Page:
I fired a few representative groups with different loads. Some Black Hills hollow points punched into less than an inch, some MagTech semi-wadcutters just barely over. A couple of handloads piled three or four into a single hole with a fifth close by. I was as excited as a kid catching his first fish. This kicked off the quest.

For months I would bring the National Match out on each range trip and log a few more loads. I would mostly fire one representative group, maybe a second or third group if there was real potential, or if I felt there were some fliers. After the first six or so, the average was about an inch and a quarter—a group that would neatly nearly fit under the inch and a half cap to the typical gallon jug of milk. At 10 groups the average hadn’t budged, nor at 15. By 20, the average had started to creep closer to an inch. I found loads with multiple bullet styles and weights, and several powders that would cut ragged holes. The Colt was indifferent to whether the loads were hardball, modern defensive hollow points or match loads- every shot seemed to pull the next one close.

As of this writing, the best 10 loads average under an inch at .97”. The average of over 25 different loads is 1.18”. Some highlights are in the table, but this is perhaps the most consistently accurate 1911 I’ve fired. Keep in mind, these groups are all fired over a standing rest—my preferred method—but also one that makes groups much under an inch and a quarter a real challenge.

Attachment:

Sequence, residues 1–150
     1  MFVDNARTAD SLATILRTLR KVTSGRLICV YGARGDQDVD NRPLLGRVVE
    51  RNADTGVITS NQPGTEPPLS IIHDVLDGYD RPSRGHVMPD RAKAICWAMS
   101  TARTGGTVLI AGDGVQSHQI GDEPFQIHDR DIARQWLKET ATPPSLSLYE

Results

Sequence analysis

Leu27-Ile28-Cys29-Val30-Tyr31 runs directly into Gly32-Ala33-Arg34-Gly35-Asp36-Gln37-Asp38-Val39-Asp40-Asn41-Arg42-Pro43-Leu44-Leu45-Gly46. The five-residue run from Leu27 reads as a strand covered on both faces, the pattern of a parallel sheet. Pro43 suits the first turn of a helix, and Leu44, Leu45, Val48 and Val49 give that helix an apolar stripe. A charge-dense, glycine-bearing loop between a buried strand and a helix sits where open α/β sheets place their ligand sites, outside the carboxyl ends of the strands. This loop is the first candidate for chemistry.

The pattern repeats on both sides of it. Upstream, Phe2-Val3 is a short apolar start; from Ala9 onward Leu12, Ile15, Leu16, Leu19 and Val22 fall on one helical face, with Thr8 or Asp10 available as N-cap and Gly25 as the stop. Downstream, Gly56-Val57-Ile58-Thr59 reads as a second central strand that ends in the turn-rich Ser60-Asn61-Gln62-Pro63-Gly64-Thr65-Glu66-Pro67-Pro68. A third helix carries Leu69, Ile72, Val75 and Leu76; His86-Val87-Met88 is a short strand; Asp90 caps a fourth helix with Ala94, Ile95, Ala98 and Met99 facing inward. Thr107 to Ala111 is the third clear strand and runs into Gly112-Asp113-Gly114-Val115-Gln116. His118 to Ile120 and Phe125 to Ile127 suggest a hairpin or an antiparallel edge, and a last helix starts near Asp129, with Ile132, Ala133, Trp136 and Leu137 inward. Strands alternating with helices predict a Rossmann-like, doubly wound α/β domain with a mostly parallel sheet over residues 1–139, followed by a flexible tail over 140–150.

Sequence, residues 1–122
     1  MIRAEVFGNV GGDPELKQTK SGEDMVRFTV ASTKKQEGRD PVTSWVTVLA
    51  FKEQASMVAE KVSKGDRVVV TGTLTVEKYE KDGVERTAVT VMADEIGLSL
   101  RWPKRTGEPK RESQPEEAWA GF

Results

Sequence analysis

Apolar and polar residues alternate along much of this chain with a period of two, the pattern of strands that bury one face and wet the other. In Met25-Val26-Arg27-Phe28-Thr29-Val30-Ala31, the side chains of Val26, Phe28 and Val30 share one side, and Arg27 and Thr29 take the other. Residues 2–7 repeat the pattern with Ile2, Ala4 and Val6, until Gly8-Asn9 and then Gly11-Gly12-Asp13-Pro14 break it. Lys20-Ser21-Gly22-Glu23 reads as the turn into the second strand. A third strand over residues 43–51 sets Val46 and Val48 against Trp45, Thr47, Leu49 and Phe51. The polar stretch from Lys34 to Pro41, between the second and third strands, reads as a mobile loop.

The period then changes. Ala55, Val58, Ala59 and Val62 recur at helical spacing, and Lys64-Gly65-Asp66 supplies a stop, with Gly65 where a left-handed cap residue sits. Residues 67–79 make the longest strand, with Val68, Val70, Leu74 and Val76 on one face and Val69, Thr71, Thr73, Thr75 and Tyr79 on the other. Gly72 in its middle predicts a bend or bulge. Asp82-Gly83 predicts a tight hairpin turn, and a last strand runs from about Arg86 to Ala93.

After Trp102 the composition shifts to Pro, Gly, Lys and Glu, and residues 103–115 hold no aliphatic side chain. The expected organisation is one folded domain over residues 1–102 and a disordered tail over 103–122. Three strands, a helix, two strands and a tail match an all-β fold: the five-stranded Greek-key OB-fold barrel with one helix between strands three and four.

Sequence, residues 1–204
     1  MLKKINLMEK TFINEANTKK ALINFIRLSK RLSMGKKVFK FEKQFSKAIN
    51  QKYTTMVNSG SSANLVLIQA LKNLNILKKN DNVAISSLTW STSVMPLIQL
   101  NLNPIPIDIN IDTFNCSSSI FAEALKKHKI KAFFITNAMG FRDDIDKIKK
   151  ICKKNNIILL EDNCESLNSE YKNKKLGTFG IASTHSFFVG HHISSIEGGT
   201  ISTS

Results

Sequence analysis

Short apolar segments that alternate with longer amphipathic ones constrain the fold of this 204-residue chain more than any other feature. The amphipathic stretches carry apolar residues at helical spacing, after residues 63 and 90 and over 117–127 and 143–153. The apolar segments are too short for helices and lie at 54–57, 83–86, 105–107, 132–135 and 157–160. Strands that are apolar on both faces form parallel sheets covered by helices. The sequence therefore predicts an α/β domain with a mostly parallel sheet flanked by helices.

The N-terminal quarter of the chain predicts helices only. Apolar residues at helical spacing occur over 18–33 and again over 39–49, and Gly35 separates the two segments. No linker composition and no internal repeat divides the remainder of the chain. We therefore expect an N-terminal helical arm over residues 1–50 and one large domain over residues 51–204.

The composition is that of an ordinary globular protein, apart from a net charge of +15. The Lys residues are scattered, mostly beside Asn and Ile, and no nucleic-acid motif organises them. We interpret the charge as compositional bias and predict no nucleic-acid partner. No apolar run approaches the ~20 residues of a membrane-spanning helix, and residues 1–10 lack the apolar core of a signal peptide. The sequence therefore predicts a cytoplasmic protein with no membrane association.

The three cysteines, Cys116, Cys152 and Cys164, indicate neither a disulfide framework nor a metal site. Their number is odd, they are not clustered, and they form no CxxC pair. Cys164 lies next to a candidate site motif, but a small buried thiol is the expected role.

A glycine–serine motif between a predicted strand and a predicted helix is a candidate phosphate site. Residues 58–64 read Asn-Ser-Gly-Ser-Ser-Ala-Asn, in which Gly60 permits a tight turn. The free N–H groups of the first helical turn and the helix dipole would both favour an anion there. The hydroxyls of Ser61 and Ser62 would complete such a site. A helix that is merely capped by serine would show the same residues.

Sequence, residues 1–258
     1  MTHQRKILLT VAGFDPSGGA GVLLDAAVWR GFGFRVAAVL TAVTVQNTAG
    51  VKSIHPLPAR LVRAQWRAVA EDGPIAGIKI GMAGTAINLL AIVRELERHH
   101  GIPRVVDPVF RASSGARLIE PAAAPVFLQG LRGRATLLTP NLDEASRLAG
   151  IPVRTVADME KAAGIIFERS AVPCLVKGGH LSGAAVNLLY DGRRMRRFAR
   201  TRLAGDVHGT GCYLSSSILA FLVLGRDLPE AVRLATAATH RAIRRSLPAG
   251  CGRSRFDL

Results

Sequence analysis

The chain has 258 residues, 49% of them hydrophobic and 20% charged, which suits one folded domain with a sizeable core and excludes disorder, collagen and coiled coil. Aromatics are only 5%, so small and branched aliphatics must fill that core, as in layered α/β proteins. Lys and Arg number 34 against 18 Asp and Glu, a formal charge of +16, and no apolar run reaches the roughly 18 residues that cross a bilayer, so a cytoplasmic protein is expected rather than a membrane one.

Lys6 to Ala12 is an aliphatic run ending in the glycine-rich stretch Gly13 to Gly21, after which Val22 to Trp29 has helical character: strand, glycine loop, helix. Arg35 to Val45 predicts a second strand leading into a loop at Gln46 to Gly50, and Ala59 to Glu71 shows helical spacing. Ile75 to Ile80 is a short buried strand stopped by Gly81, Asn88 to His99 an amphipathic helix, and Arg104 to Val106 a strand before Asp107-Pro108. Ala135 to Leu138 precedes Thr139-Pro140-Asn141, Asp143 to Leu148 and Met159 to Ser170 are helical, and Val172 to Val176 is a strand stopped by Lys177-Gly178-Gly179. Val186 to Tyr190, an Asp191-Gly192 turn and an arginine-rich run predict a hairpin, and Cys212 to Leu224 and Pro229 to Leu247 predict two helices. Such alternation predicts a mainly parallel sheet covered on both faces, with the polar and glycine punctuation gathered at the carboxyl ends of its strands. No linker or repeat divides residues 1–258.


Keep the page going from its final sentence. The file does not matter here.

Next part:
Outside of the 25-yd. groups I have pushed the old Colt on some challenging drills with results beyond what I can guarantee with even current custom pistols. In a nutshell, this 107-year-old Colt has 40 ozs. of magic forged into its Hartford steel.

I often shoot the plate rack at 50 yards for a challenge. With some pistols, that is better described as “I hit some plates at 50 yards,” and with others, it is “I hit most plates at 50 yards.” The mixed Colt shrugged off the plates like they were a gimme, so I began actually running the rack of six for time. My current best center-fire semi-automatic time belongs to the Colt, with a time so short it challenges belief.  

Here is a fun fact: Most .45 ACP loads when sighted for a 6 o’clock hold at 25 yards will strike close to dead on at 70. With the old Colt, I started lobbing rounds at the 8” plates from 70 yards on most trips. I was able to record eight or nine hits out of 10 with numerous loads. On several days where the light was ideal and I was shooting strongly, most of those impacts formed nearly overlapping spatter marks into a fist-sized group. At present, my best is 10 out of 11, and hopefully by the time this is printed, I’ll have a perfect run.

Shooting this National Match is a unique and distinctly rewarding experience. Every time I marvel at how well it shoots from a purely practical point of view. This invariably leads to a deep appreciation for the pistolsmith who fitted it up and tuned it so expertly some 60 or more years ago. That leads as often as not to wondering about the past lives that have intertwined with a common bond in this old Colt over the last century-plus in service, combat and competition. It is no surprise that wrapping a hand around that frame is akin to shaking hands with something special. I’m just glad that the old Colt found me.

Additional Reading:
The Doughboy's M1911 Pistol in World War I